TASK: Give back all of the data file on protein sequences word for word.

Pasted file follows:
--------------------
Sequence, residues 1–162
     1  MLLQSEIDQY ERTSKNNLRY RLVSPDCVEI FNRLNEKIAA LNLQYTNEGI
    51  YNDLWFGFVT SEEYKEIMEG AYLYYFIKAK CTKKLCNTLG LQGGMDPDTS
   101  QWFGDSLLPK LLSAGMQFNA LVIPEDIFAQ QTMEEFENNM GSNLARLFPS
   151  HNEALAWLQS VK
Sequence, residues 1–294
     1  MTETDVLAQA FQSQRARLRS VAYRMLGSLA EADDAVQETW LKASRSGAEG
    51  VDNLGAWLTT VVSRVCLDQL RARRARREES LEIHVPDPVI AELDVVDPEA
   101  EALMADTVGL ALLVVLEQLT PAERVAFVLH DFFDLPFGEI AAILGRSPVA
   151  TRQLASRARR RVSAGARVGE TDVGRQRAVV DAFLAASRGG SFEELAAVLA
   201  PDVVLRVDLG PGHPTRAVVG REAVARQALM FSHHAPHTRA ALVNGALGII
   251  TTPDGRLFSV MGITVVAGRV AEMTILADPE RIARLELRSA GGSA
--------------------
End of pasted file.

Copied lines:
Sequence, residues 1–162
     1  MLLQSEIDQY ERTSKNNLRY RLVSPDCVEI FNRLNEKIAA LNLQYTNEGI
    51  YNDLWFGFVT SEEYKEIMEG AYLYYFIKAK CTKKLCNTLG LQGGMDPDTS
   101  QWFGDSLLPK LLSAGMQFNA LVIPEDIFAQ QTMEEFENNM GSNLARLFPS
   151  HNEALAWLQS VK
Sequence, residues 1–294
     1  MTETDVLAQA FQSQRARLRS VAYRMLGSLA EADDAVQETW LKASRSGAEG
    51  VDNLGAWLTT VVSRVCLDQL RARRARREES LEIHVPDPVI AELDVVDPEA
   101  EALMADTVGL ALLVVLEQLT PAERVAFVLH DFFDLPFGEI AAILGRSPVA
   151  TRQLASRARR RVSAGARVGE TDVGRQRAVV DAFLAASRGG SFEELAAVLA
   201  PDVVLRVDLG PGHPTRAVVG REAVARQALM FSHHAPHTRA ALVNGALGII
   251  TTPDGRLFSV MGITVVAGRV AEMTILADPE RIARLELRSA GGSA